Unfortunately, for Rousey, the hype and self-belief could only carry her so far. She was pumped up by her coaches and the media to believe she could beat high-level male fighters, and there was even talk that she could beat Floyd Mayweather in a boxing match, despite her showing limited striking in her fights. Things had gone too far, and it all came crashing down when she took on Holly Holm at UFC 193. Holm made her look foolish as the more accomplished striker, using her speed, timing, and movement, to outmanoeuvre and punish the sloppy striking of Rousey. Then, by the time Rousey realized she was out of her depth on the feet, she looked to go back to her grappling, but it was too late. The fight, her title reign, and consequently her legitimate fighting career, was then ended with a devastating head kick from Holm (pictured below).

Rousey did go on to fight once more following her bout with Holm, just over a year after the fact. She took on Amanda Nunes in what is easiest to describe as a one-sided beat down, that only lasted 48-seconds from bell-to-bell.

Many see the sudden end to her run and the manner in which it occurred, as a sign that she was never that great to begin with. I strongly disagree with this notion. I believe that it highlights just how far the competition ramped up in WMMA in such a short space of time. That, as well as the effects of overconfidence and the risks of underestimating your competition.

For me, Rousey was already one foot out the door when she took the Nunes fight. She lost a piece of herself against Holm, and I’m not going to throw out her legacy simply because she lost her desire to compete and took a couple of losses.

3. Valentina “Bullet” Shevchenko

Overall MMA Record: 21-3-0 (UFC Record: 10-2-0)

Top Accolades: UFC Women's Flyweight Championship (One time, with Five Successful Title Defenses), Most Wins in UFC Women's Flyweight History (7)

Most Notable Wins: Joanna Jędrzejczyk, Holly Holm, Jéssica Andrade, Sarah Kaufman

Valentina Shevchenko’s greatness is a tough one to place. She has performed admirably across her entire career. Her only loss pre-UFC came due to a cut stoppage against Liz Carmouche, early in her career. She went on to avenge that loss years later. Then, outside of that, she’s only lost to Amanda Nunes, a fighter I have ranked higher on this list.

She may be given a third fight against Nunes down the road, which could do wonders for her legacy with a win, but there is a large contributing factor as to why she’s come up short twice before. It’s due to her size. She was never a true 135-pounder, and that was evident in some of her fights, and it speaks volumes about her skills, considering she had the sustained success that she did against larger fighters.

Since the UFC implemented the women’s flyweight division, Shevchenko has cruised to victories, both with finishes, and with lopsided decisions. She has a strangle hold on the title, and if she had better opposition to overcome in the foreseeable future, you’d have to think she could climb into the top two spots here.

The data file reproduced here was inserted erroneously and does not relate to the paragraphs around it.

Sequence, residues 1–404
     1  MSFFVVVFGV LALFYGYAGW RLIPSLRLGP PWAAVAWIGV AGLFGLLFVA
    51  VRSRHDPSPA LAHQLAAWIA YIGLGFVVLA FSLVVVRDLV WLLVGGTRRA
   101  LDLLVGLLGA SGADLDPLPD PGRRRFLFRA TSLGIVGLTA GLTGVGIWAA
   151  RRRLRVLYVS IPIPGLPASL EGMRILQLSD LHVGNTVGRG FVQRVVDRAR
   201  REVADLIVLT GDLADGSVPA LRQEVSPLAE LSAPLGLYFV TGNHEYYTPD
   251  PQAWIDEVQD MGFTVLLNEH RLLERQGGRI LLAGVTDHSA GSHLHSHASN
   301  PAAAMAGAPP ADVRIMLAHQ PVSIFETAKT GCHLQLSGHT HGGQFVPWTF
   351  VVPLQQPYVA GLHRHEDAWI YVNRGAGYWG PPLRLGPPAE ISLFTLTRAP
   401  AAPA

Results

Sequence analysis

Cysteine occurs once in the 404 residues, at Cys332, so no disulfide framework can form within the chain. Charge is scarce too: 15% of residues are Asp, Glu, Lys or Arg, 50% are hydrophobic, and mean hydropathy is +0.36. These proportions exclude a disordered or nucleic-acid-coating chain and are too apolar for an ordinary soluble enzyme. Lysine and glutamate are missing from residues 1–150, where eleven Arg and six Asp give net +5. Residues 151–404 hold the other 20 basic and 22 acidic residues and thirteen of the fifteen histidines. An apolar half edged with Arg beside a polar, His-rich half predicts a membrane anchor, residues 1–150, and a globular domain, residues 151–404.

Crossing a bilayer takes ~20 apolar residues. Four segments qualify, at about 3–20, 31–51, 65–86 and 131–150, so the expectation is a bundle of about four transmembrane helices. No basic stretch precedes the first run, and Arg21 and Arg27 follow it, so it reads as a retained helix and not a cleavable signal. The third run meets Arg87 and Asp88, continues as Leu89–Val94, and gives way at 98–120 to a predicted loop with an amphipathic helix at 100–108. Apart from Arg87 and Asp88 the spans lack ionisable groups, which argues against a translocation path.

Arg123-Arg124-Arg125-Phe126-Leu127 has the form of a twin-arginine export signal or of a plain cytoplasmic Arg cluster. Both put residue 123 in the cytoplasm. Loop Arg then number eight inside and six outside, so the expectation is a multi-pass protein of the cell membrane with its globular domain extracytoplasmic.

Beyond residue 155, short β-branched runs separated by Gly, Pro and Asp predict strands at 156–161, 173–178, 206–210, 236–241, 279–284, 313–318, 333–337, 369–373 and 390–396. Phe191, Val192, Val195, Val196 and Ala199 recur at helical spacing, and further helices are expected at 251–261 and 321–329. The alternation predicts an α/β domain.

2. Cris “Cyborg” Justino

Overall MMA Record: 23-2-0 (UFC Record: 6-1-0)

Top Accolades: UFC Women’s Featherweight Champion (One time, with Two Successful Title Defenses), Strikeforce Women’s Featherweight Champion (First; Last; Only, with Two Successful Title Defenses), Bellator MMA Women’s Featherweight Champion (One time, with One Successful Title Defense), Invicta FC Featherweight World Champion (One time, First, with Three Successful Title Defenses).

Most Notable Wins: Holly Holm, Gina Carano, Julia Budd

To most people, Cris Cyborg will forever be considered the scariest fighter in women’s MMA. Her power and physique is incomparable to any other female fighter, and it has carried her to great success, spanning her 15+ year combat sports career.

She hasn’t always beaten the best there is to offer, largely due to her size, limiting her to fighting at featherweight and above, but almost anyone she’s had to face, she has conquered. She lost her first pro fight, then proceeded to go 20-0, picking up championships in three different promotions.

However, as is the case with most historic runs in combat sports, she was finally beaten. Amanda Nunes had stepped up to 145lbs and done the improbable. Cyborg came rushing in to put Nunes on the back foot early, only to be countered and swarmed on. Nunes then continued to land bombs on Cyborg, dropping her multiple times before the referee mercifully stepped in to end the fight.

Since then, Cyborg went on to fight and win once more in the UFC, before going over to Bellator to pick up their featherweight title with minimal effort. She could go on to defend it countless times, but unfortunately for Cyborg, without a chance to rematch Nunes, it is unlikely she’ll ever eclipse the moniker of “female G.O.A.T.” (greatest of all-time).

1. Amanda “The Lioness” Nunes

Overall MMA Record: 21-4-0 (UFC Record: 14-1-0)

Top Accolades: Top Accolades: UFC Women’s Bantamweight Champion (One time, with Five Successful Title Defenses), UFC Women’s Featherweight Champion (One time, with Two Successful Title Defense), and Most Wins In UFC History Amongst Women (14).

Most Notable Wins: Cris Cyborg, Valentina Shevchenko (x2), Ronda Rousey, Holly Holm, Germaine de Randamie (x2), Miesha Tate

This should come as no surprise, but Amanda Nunes is undoubtedly the best woman to ever compete in MMA. She has beaten just about anyone worth beating in the sport, and that’s including three of the four other people on this list!

Her greatness hasn’t always been evident, considering she was once 9-4, with three stoppage losses to her name. But she then polished her game and rounded out as the great fighter we all know today. Her run to become UFC Women’s Bantamweight Champion was epic. Her then going onto beat Cyborg to become the promotions featherweight champion, and first ever female double-champ, was unforgettable. And her continued dominance ever since, can only punctuate what we already know. Amanda Nunes is the female G.O.A.T..